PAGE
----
The incident occurred in a dark room, leaving a man with multiple wounds that he survived
King County prosecutors have declined to bring criminal charges against a sheriff’s detective and a state corrections officer who invoked their Fifth Amendment right against self-incrimination in the shooting of a man who was severely wounded after possibly reaching for a flashlight.
The wounded man, Dustin Theoharis, 29, who survived multiple gunshots, also has declined to provide a statement about what happened during a confrontation that lasted about 10 seconds in a dark room inside an Auburn-area house Feb. 11.
Without statements from all three “it is difficult to conclude” if the shooting was necessary, prosecutors wrote in a decline statement disclosed to The Seattle Times on Wednesday under a public-records request.
But a limited amount of evidence — including an initial remark from the detective that he believed the man was reaching for a gun — “suggests the use of force may have been necessary,” according to the statement, completed Tuesday.
Most Read Stories
- I-5’s Uncle Sam: 50 years and still ticked off near Chehalis
- Check out this new drone footage of the Bertha-dug Highway 99 tunnel WATCH
- Washington state’s new parental leave law could change workplace for moms — and dads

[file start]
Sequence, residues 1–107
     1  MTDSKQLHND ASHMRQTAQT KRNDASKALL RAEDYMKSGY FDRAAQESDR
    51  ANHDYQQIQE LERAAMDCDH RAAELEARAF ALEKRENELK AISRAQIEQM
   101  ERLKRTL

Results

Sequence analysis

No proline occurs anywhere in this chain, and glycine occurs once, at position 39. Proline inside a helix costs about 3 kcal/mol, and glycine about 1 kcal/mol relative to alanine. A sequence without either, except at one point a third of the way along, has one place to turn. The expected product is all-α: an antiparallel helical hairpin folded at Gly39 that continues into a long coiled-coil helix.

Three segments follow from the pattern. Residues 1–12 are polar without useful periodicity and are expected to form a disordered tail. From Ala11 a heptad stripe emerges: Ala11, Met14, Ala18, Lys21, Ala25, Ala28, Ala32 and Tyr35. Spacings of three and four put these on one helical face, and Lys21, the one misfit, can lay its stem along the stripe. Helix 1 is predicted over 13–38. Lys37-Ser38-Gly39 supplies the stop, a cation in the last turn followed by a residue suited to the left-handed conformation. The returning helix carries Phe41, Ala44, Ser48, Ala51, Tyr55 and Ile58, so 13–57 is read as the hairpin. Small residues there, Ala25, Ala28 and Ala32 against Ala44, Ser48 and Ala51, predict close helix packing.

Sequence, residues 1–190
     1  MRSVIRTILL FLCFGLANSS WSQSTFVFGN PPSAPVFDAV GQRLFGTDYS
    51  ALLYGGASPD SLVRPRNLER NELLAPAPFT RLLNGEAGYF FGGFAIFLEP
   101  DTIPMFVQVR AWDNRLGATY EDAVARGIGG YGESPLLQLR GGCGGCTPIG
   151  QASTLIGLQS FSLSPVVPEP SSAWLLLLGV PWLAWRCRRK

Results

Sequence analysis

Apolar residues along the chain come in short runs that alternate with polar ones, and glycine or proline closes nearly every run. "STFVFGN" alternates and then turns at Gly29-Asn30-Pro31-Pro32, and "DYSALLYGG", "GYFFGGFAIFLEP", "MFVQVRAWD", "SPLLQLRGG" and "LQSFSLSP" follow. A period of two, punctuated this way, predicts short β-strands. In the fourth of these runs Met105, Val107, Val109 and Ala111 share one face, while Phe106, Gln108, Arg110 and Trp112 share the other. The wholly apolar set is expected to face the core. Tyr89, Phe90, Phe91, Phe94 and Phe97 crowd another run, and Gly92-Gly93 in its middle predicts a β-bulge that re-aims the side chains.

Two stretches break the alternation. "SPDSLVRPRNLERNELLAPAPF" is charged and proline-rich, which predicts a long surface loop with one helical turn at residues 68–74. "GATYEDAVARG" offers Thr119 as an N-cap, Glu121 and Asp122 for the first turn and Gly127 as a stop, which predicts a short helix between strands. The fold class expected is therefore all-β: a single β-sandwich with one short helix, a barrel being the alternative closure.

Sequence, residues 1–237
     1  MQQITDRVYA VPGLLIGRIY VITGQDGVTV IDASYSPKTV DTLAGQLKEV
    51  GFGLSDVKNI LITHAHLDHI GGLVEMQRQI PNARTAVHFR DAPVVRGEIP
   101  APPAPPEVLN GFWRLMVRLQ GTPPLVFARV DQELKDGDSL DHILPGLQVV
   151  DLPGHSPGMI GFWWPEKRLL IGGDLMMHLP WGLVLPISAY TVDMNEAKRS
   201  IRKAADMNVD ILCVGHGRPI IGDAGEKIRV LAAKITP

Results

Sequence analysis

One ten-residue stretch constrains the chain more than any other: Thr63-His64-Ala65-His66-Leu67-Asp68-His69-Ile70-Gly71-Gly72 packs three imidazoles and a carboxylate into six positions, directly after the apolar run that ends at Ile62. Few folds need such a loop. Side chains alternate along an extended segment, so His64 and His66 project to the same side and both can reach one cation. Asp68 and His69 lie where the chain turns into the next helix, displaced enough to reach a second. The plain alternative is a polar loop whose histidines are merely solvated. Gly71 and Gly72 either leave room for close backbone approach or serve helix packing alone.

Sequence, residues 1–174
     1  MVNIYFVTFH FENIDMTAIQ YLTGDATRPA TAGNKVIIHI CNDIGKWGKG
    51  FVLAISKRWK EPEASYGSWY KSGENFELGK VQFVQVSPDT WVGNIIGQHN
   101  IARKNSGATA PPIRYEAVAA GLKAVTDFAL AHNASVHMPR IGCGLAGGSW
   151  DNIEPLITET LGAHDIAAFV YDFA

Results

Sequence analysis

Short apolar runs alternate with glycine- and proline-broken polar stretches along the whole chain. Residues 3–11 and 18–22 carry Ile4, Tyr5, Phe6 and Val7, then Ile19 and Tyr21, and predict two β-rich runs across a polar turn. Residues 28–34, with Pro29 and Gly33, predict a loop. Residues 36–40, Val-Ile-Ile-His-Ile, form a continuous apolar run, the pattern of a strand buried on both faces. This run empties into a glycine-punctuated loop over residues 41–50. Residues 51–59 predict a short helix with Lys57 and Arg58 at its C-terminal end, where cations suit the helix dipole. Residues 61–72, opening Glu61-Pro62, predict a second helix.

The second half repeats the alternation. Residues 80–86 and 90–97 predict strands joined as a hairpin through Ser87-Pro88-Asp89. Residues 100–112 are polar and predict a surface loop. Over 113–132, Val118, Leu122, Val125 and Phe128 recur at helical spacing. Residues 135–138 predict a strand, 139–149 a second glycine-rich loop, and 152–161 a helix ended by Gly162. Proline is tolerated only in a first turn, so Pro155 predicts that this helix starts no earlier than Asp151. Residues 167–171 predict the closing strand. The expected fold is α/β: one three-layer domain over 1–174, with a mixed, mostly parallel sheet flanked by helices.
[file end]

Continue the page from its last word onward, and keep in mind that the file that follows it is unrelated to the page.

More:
- Sports on TV & radio: Local listings for Seattle games and events
- Republicans going beyond hypocrisy with the national debt | Danny Westneat
The incident did not attract widespread attention because Theoharis survived, but it prompted a major investigation by the King County Sheriff’s Office that produced more than 1,000 pages.
Ian Goodhew, deputy chief of staff for Prosecutor Dan Satterberg, said Wednesday it wasn’t unusual that the detective and corrections officer invoked their Fifth Amendment right, as is often done by anyone who is under investigation.
“As to their not giving a statement, we frankly expected it,” Goodhew said.
Many questions remain, however, about the incident, including whether the detective, Aaron Thompson, and the officer, Kristopher Rongen, followed proper procedures.
The sheriff’s office plans to launch its own review, and the state Department of Corrections (DOC) has begun looking into the shooting.
Rongen is believed to have fired nine shots and Thompson eight to 10 shots — numbers that seem excessive, prosecutors said, but might be due to limited visibility and reactions to each other’s shots, as well as a general police directive to fire until a threat is neutralized.
Rongen, assisted by Thompson, went to the house on a Saturday afternoon to serve a DOC felony-arrest warrant on a man — someone other than Theoharis — who had failed to report to community supervision. Two other sheriff’s detectives joined them.
An informant who was with them reported that the man, Nicholas Harrison, was in the home, along with his father, Harrison’s brother and a 5-year-old boy, according to the prosecutors’ statement.
The informant did not mention that Theoharis was in the home.
Harrison, 27, was taken into custody without incident.
Thompson and Rongen, acting on prior information, then investigated whether another person in the house, described as a roommate, had a gun, which would be a violation of Harrison’s probation.